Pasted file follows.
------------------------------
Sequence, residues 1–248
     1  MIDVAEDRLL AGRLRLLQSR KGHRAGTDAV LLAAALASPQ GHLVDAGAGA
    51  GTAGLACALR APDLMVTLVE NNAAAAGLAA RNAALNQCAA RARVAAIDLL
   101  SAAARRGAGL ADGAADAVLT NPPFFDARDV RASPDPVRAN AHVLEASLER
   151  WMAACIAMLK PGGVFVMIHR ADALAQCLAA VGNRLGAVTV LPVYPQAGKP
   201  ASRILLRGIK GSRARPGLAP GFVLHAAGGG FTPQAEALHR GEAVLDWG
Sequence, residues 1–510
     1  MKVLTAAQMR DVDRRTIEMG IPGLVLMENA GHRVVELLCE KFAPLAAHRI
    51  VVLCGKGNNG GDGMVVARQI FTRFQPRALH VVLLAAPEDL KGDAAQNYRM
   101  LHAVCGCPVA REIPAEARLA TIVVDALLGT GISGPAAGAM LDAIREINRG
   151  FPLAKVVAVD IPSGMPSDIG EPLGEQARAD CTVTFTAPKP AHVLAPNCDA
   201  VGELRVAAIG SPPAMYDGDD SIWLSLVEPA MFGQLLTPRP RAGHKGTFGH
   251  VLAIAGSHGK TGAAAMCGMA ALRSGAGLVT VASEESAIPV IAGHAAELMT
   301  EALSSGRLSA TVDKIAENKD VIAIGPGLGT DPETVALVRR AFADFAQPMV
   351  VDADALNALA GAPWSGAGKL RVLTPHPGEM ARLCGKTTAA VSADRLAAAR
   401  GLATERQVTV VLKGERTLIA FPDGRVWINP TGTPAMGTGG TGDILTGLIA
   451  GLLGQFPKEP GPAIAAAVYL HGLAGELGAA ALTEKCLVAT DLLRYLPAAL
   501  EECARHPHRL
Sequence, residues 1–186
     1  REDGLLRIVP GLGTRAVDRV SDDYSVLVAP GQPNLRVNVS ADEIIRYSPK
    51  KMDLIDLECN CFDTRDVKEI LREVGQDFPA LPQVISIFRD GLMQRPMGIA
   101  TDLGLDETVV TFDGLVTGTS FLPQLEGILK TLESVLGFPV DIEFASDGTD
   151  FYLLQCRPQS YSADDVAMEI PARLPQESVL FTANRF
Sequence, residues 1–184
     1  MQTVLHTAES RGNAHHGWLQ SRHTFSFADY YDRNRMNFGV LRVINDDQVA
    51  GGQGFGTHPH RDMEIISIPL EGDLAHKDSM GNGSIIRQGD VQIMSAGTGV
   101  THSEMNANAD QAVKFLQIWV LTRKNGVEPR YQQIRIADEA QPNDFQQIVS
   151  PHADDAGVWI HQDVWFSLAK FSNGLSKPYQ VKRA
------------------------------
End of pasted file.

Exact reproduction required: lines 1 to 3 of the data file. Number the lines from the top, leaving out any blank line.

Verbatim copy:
Sequence, residues 1–248
     1  MIDVAEDRLL AGRLRLLQSR KGHRAGTDAV LLAAALASPQ GHLVDAGAGA
    51  GTAGLACALR APDLMVTLVE NNAAAAGLAA RNAALNQCAA RARVAAIDLL